Qiu et al. (2022) reviewed published literature on the association between breastfeeding and breast cancer. Although the researchers concluded that there is limited evidence that shows the relationship between breastfeeding and the risk of breast cancer, there were some studies that showed that there is a reduced number of breast cancer cases in parous women who breastfeed. The chances of developing breast cancer in parous women is reduced by the differentiation of breast cells as they are modified to produce milk after giving birth. This cell differentiation means that few breast cells and tissues are vulnerable to estrogen and other carcinogenic agents during breastfeeding, therefore, reducing the time these women are exposed to estrogen which is associated with breast cancer.
Strengths and Weaknesses of the Articles
The strength of Stordal (2020) is that the article adequate statistics that support the conclusion that breastfeeding impacts the vulnerability to breast cancer, but fails to sufficiently provide evidence how breastfeeding reduces this risk. Rozenberg et al. (2021) explain the impact of hormonal therapy on the risk of breast cancer but fails to provide nonhormonal therapies that can be used by parous women instead. The strength of Yao et al. (2019) article is that it offers an alternative to breastfeeding to lower the women’s vulnerability to breast cancer in women, but fails to point out the side effects of tamoxifen and ralofexene drugs. Dimou et al. (2019) supported their findings with statistics and percentages of the risk of breast cancer in women in developed countries but fail to compare the findings with statistics of breast cancer cases in developing countries. The strength of Thorat and Balasubramanian (2020) is that it focuses on gene mutations and the type of breast cancer they cause. However, this article focuses on genes and family history risk factors but ignores other risk factors. Lastly, the strength of Qui et al. (2022) is that it points out the link between breastfeeding with the risk of breast cancer. However, this source is limited, in that, it lacks statistics and figures to support breastfeeding intervention.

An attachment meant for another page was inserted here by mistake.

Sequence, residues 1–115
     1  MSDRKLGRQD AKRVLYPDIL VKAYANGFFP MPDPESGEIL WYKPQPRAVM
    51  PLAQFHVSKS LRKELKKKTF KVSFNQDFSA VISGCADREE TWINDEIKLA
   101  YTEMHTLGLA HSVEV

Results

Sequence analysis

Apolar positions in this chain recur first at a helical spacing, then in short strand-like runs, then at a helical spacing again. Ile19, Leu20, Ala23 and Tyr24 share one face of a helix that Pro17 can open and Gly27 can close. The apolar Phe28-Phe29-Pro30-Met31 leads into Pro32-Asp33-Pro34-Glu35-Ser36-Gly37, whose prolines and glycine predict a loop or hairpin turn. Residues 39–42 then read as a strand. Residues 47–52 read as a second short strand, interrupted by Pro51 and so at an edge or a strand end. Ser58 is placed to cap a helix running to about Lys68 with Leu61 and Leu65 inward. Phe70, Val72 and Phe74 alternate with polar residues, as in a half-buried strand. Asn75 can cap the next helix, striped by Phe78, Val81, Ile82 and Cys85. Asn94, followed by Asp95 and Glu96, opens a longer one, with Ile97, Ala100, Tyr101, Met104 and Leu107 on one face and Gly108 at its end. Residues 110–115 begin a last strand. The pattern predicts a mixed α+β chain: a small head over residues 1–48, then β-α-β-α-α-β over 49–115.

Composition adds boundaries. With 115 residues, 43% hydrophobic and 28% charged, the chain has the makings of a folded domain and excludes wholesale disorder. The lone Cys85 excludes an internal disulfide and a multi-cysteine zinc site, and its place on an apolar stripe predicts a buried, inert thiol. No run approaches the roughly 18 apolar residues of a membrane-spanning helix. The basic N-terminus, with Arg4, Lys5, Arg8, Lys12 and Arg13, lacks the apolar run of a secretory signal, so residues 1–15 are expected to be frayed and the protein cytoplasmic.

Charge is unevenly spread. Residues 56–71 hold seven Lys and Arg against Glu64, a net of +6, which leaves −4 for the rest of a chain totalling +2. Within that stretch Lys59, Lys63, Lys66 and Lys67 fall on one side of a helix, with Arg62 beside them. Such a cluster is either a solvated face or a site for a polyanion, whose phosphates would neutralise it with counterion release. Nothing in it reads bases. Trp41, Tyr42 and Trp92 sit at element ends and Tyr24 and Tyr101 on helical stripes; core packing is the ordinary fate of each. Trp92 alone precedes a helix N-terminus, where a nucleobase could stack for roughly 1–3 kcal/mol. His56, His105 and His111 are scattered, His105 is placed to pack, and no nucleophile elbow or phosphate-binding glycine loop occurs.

In parous women, breastfeeding can reduce the risk of breast cancer due to the constant shedding of breast tissue that removes damaged DNA in the breast that causes abnormal cell growth. This intervention only targets parous women, as nulliparous women cannot breastfeed. This intervention is very effective in parous women who have their children while young. This intervention aims to remove damaged DNA in the breast and regulate estrogen action in the breast of breastfeeding women as low exposure to this hormone reduces the risk of this cancer (Breast Cancer Association Consortium, 2021). This intervention recommends that women breast their babies for at least two years as it benefits both the mother and the baby with the former reducing the risk of breast cancer and the latter developing a strong immune system.
An advanced nursing practitioner have the skills to coordinate the individuals involved in implementing the intervention. They can encourage parous women to join a breastfeeding support group to ensure the intervention is successful. Some of the resources that can be used in implementing this intervention include fact sheets, toolkits, reports, and published documents that support breastfeeding (Basree et al., 2019). The nurse can target women with low breastfeeding self-efficacy and the intervention should be introduced in the antenatal stage to ensure the mother is ready to breastfeed after giving birth. The nurse can also consider a follow-up to offer support and ensure that parous women breastfeed exclusively for six months and up to two years even after introducing food. The intervention should be implemented for two years after giving birth to ensure that it is effective.